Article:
Who doesn’t love those oldies tunes? I’m a sucker for a Bee Gees song. Around here, though, “staying’ alive” and “holding out for a hero” are more than just oldies tunes – they are our way of life. Here’s the thing: July 12 marks 4 years that my daughter Aimee went into renal failure and became a dialysis patient, and I’m on a mission.
Renal failure means her kidneys no longer function, and she relies on a machine to remove toxins from her body that ours eliminate naturally. The procedure takes seven hours every night, where a glucose solution is pumped into her abdominal cavity, dwells for a period of time, and is pumped out again for a number of cycles. It’s imperative that the body site where the tube is implanted is kept impeccably clean to keep infections at bay.
In addition to nightly treatments, it’s important that the foods she can eat contain a huge amount of protein, but don’t include things like nuts, seeds, dairy, and of course sodium. She also has to maintain certain mineral levels in her diet and has blood drawn routinely with her clinic to monitor the levels. All of this has to be structured while still balancing a diabetic diet that keeps tabs of carb intake, while making sure the meds she takes don’t interfere with one another. It has its challenges, definitely.
In the past four years Aimee’s had at least a dozen surgeries for various and sundry complications, 7 of which occurred within a 13-month period. She contracted Hepatitis-C from equipment at a dialysis center in Florida before she moved back here, but thanks to new drugs, that’s been eliminated. When we’re not at the doc’s or the hospital or the ER, life goes on pretty normally around here. Go figure.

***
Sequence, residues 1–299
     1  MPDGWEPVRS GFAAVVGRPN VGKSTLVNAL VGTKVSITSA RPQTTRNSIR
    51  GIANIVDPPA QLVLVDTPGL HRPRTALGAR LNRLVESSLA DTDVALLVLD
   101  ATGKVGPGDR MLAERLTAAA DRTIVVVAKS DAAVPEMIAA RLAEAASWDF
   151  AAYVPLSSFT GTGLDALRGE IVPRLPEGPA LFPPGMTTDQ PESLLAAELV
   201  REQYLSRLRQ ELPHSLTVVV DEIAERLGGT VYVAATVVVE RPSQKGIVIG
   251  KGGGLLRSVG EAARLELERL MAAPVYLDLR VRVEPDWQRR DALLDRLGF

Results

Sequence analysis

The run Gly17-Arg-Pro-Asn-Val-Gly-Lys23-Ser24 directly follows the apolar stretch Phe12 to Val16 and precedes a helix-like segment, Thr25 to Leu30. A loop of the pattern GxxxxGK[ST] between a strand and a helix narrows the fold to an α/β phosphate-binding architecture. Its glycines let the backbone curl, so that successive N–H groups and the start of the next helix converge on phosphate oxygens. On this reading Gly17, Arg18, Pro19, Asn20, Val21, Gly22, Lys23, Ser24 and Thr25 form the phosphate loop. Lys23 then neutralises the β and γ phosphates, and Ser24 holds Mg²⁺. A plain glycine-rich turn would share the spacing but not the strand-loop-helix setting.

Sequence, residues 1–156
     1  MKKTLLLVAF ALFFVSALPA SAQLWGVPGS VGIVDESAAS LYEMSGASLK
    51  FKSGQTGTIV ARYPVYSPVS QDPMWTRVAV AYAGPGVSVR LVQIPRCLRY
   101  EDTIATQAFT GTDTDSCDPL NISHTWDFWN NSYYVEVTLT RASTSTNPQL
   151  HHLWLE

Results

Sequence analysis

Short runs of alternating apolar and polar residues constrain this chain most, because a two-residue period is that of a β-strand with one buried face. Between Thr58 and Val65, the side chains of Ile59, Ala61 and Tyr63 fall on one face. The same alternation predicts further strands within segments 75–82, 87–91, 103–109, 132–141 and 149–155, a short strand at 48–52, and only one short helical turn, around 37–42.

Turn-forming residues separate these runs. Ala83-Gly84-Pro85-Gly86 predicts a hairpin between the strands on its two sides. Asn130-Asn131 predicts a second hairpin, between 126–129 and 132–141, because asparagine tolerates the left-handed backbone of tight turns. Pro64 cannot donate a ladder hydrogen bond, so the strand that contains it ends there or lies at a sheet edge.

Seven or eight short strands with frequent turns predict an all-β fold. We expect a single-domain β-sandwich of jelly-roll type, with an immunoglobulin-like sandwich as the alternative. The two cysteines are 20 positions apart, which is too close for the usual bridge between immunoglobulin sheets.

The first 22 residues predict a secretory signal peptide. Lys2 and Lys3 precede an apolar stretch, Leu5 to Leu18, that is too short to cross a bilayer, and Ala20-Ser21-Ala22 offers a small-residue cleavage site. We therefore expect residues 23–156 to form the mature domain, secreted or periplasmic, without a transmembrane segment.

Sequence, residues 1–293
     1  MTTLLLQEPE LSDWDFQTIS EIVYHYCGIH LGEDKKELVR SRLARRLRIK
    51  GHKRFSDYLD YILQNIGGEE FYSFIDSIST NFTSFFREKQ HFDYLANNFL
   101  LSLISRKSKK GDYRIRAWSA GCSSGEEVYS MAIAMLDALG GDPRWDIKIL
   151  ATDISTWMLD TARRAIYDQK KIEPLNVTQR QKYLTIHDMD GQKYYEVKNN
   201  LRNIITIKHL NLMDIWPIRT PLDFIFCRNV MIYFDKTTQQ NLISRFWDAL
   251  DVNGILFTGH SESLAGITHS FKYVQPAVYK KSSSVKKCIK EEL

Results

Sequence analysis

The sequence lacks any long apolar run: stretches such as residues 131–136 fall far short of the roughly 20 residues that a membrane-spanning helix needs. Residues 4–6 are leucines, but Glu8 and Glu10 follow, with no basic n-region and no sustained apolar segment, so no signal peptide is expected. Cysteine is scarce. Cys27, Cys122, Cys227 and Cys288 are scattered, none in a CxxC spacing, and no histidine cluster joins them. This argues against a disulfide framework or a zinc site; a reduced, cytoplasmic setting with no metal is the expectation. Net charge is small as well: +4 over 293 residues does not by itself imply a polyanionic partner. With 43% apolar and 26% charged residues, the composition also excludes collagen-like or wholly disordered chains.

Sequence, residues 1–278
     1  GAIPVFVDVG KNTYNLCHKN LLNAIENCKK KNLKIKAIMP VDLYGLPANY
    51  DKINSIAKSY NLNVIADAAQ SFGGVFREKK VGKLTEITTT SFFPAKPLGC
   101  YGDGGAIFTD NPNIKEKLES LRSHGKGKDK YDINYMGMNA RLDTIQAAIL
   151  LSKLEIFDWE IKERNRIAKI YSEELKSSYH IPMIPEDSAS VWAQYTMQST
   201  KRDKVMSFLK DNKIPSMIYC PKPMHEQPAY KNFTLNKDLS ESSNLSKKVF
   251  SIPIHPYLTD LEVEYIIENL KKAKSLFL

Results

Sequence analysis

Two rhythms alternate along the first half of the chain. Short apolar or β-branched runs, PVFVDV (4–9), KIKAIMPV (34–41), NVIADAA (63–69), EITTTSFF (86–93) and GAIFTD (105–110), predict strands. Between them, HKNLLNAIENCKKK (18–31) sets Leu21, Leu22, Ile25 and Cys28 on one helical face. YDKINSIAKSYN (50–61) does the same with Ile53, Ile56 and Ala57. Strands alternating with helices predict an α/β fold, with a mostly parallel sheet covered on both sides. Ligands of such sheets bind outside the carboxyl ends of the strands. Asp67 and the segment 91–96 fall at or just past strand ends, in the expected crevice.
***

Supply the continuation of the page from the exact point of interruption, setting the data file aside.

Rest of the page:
What’s my mission? My mission is to find a living kidney donor for my daughter. Aimee is on a list to wait for a deceased donor, but the list is years long. People can live complete, full, and healthy lives with only one kidney, and you have two – one for you, and one to potentially share.
Here’s what we’re looking for in a possible donor:
- 18 years or older
- Free from heart disease, diabetes,high blood pressure, and is a non-smoker
- Blood type A or O. You don’t even have to worry about be negative or positive.
Here’s how it works:
- Your first screening is over the phone. The transplant coordinator talks you through a checklist.
- Blood tests and such come next and are completely paid for.
- Transplant surgery and your follow up care are also completely paid for.
- There is the possibility for a fund for travel expenses.
Here’s how you become a hero and completely change somebody’s life:
- Call Nancy DeSanto, the Transplant Coordinator at Pinnacle Health (717-231-8825) or Kendra, the Transplant Assistant, (717-231-8757) and tell them you’d like to be tested as a possible donor for Aimee Skee.
- Visit www.pinnaclehealth.org/transplant to find out more.
Even if you can’t donate, I’m shamelessly asking you to like this post and share it with everyone you know. Tell your friends, your church groups, your card clubs, your neighbors, your associations – whomever.
Whether you’re a brother or whether you’re a mother (Ha – do you get that bit of levity I snuck in there?!), you can be a hero! Ready? Share!